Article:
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Everyone loves Pasta! Whether your Pasta Dishes are made with egg noodles, macaroni and cheese to stuffed manicotti and lasagna. Pasta is a meal that just about pleases everyone--from sophisticated diners who may toss their noodles with truffles to 5 year olds who want theirs with meatballs. And did you know that January 4th is National Pasta Day?!
Pasta is a term for food made from an unleavened dough of wheat and water. Sometimes eggs and vegetable extracts are added for a richer flavor and color.
You will find hundreds of different shapes of pasta to use with your pasta recipes. You may want spaghetti (long strings) for your bolengese, maccheroni (tubes) for your macaroni and cheese or fusilli (swirls) for your pasta salad recipes. And these are just a few!
You also have a choice of fresh pasta or dried. You can store dried pasta (without eggs) for up to 2 years (under ideal conditions) but fresh pasta will keep in your fridge only a few days.
As mentioned before, pasta should be cooked just al dente and never overcooked. If you plan to use your pasta in a casserole, cook it even less on top of the stove, as it will cook more in the oven.
Cook pasta in a tall pot with plenty of water, at least 4 quarts of water to a pound of pasta. Bring to a rolling boil, add salt (at least 2 tsp. per pound) and pasta. Do not add oil to your water when cooking pasta as it will keep the sauce from sticking to the pasta. Cook according to type of pasta (times vary). Drain in a colander, but do not rinse. You will be rinsing away the nutrients. Serve immediately with your favorite sauce.
Average Cooking Times (for dry pasta)
Capellini (Angel Hair) 3-4 min.
Spaghetti, Linguine 7 min.
Bucatini, Ziti 10 min.
Farfalle, Conchiglie 10 min.
Penne, Rigatoni 15 min.
Ravioli, Tortellini 20 min.
These cooking times are a guideline. ALWAYS test your pasta a minute before you think it's done to make sure you don't overcook.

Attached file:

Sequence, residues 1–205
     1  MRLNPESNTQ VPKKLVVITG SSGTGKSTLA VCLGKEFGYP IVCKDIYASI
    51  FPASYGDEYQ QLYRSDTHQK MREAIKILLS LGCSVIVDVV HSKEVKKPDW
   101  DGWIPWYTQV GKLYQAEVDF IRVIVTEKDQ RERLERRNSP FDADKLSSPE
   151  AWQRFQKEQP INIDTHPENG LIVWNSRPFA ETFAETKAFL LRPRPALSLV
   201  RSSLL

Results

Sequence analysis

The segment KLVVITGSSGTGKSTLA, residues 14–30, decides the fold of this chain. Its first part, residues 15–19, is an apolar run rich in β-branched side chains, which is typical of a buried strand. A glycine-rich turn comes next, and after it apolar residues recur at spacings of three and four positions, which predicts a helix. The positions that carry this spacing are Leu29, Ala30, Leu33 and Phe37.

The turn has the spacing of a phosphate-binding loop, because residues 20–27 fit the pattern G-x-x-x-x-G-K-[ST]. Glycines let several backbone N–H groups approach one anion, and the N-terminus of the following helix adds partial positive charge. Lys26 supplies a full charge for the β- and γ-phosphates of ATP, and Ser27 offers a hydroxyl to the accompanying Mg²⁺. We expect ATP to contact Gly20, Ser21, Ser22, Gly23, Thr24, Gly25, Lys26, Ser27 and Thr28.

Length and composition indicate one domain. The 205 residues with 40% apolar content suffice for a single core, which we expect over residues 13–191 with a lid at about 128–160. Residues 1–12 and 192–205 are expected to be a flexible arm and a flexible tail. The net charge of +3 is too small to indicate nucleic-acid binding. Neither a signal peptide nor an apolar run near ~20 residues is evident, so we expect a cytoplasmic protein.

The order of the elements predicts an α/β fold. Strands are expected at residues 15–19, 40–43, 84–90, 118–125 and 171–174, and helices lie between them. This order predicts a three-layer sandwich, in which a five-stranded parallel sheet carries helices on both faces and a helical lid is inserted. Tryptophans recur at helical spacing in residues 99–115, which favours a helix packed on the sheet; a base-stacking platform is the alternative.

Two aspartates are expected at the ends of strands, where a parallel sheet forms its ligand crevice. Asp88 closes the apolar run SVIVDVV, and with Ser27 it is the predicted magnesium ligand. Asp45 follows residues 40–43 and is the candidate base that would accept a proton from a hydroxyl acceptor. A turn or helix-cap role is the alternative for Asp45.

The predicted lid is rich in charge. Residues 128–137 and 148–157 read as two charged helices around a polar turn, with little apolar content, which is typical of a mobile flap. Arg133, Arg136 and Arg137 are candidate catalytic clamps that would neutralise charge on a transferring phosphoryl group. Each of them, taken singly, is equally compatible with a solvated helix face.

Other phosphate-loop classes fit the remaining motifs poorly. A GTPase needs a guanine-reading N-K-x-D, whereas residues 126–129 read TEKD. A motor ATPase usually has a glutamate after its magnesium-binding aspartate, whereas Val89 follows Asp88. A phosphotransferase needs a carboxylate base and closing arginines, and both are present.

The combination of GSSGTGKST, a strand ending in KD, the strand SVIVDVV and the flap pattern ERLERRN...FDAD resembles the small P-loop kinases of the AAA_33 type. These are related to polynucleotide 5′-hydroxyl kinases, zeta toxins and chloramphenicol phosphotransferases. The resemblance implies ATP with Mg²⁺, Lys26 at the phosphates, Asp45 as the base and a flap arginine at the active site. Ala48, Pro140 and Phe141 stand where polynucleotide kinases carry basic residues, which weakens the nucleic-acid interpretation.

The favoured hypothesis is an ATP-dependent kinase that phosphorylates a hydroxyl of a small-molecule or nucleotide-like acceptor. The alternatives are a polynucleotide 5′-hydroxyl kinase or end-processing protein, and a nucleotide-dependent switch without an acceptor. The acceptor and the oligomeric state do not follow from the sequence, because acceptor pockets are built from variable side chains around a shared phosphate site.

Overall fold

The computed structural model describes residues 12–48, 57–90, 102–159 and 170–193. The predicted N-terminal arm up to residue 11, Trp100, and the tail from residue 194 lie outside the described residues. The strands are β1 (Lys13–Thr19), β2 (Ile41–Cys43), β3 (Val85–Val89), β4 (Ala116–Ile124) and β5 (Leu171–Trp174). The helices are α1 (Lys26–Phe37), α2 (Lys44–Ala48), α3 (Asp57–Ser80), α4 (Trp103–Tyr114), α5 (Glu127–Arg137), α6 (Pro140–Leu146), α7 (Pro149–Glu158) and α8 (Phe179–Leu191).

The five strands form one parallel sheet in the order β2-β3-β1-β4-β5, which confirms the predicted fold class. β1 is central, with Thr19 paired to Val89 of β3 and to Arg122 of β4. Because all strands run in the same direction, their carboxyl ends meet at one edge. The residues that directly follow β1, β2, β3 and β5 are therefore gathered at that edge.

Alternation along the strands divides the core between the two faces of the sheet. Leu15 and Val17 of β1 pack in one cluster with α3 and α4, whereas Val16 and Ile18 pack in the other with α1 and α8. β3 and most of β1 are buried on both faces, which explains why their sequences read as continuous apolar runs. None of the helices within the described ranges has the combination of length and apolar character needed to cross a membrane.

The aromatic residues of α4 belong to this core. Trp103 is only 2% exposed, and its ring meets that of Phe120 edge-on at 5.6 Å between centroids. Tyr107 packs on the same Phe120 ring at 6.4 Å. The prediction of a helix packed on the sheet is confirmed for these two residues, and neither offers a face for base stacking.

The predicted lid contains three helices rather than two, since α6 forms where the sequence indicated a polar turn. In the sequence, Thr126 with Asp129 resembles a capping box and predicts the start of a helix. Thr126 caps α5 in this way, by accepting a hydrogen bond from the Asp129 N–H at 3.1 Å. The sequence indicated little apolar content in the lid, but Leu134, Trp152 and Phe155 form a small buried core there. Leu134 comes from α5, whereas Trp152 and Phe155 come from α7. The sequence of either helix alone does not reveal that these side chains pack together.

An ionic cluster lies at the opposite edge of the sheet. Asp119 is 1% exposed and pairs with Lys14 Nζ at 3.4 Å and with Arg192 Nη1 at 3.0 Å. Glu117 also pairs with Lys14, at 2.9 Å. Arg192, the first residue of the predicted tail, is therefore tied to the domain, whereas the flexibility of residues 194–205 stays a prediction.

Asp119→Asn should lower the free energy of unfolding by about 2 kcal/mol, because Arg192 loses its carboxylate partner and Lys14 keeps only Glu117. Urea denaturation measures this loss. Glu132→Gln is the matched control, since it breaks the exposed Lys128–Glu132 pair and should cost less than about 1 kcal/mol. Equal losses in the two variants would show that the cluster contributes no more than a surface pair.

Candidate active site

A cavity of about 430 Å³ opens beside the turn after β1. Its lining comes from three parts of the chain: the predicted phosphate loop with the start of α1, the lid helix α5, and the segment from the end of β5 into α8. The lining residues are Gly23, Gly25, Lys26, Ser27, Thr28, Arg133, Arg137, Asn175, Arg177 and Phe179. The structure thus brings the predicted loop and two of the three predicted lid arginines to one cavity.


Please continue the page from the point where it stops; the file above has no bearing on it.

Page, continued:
The ideal pasta is cooked "al dente", that is "firm to the bite" - not too soft. You don't want to overcook it as pasta is not good when limp and mushy. Check out this video for the perfect pasta.
Traditionally, pasta is served with a sauce or in a casserole or salad. Some of the basic sauces are for pasta are pesto, bolognese, tomato and carbonara. Fettucini Alfredo is also a very popular pasta dish.
Choosing the best pasta shape for your sauce is not brain surgery. You can combine any shape pasta with any sauce and get a delicious meal every time. However, if you are going with a heavy sauce, perhaps one with meat, you may find that a pasta with twists and curls, such as rigatoni or small shells, will catch the sauce. Also fusilli and penne are good choices for heavy sauces.
Oil-based sauces work well with long, thin pasta, such as vermicelli or angel hair. The oil keeps each strand separated.
It is certainly easier to buy pasta, but there's nothing like making homemade pasta from scratch. Watch this video for an easy way to make your own fresh noodles for your pasta dishes.
Here's simple recipe for
to get you started:
You will need:
2 c. semlina flour (or all purpose)
1/2 tsp. salt
2 beaten eggs
1/3 c. water
1 tsp. olive oil or vegetable oil
1/3 c. all purpose flour
In a large mixing bowl, stir together the flour and salt. Make a well in the center.
In a smaller mixing bowl, stir the eggs, water and oil together. Pour into the well you made in the flour and mix well.
Sprinkle 1/3 c. all purpose flour onto your kneading surface. Turn dough onto floured surface and knead until dough is smooth and elastic (about 8 - 10 minutes). Cover and let rest for 10 minutes.
Divide dough into fourths. On a lightly floured surface, roll each piece into a 12" square. Let stand about 20 minutes or until the dough is slightly dry. Pass through pasta machine as directed by manufacturer until the pasta sheets are 1/16" thick. Shape as desired.